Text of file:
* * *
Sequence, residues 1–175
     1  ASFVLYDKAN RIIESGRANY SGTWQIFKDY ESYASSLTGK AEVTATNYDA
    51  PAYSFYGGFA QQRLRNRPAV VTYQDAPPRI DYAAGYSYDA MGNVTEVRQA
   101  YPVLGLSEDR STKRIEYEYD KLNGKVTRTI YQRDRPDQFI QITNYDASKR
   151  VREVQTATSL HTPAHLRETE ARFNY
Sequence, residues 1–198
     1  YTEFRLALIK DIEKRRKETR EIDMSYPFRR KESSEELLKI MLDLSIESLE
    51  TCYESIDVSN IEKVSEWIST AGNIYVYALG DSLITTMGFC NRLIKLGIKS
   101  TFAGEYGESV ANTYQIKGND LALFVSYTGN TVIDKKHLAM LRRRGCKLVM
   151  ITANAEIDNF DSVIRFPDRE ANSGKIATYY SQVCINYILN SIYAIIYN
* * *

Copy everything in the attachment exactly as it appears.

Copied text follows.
Sequence, residues 1–175
     1  ASFVLYDKAN RIIESGRANY SGTWQIFKDY ESYASSLTGK AEVTATNYDA
    51  PAYSFYGGFA QQRLRNRPAV VTYQDAPPRI DYAAGYSYDA MGNVTEVRQA
   101  YPVLGLSEDR STKRIEYEYD KLNGKVTRTI YQRDRPDQFI QITNYDASKR
   151  VREVQTATSL HTPAHLRETE ARFNY
Sequence, residues 1–198
     1  YTEFRLALIK DIEKRRKETR EIDMSYPFRR KESSEELLKI MLDLSIESLE
    51  TCYESIDVSN IEKVSEWIST AGNIYVYALG DSLITTMGFC NRLIKLGIKS
   101  TFAGEYGESV ANTYQIKGND LALFVSYTGN TVIDKKHLAM LRRRGCKLVM
   151  ITANAEIDNF DSVIRFPDRE ANSGKIATYY SQVCINYILN SIYAIIYN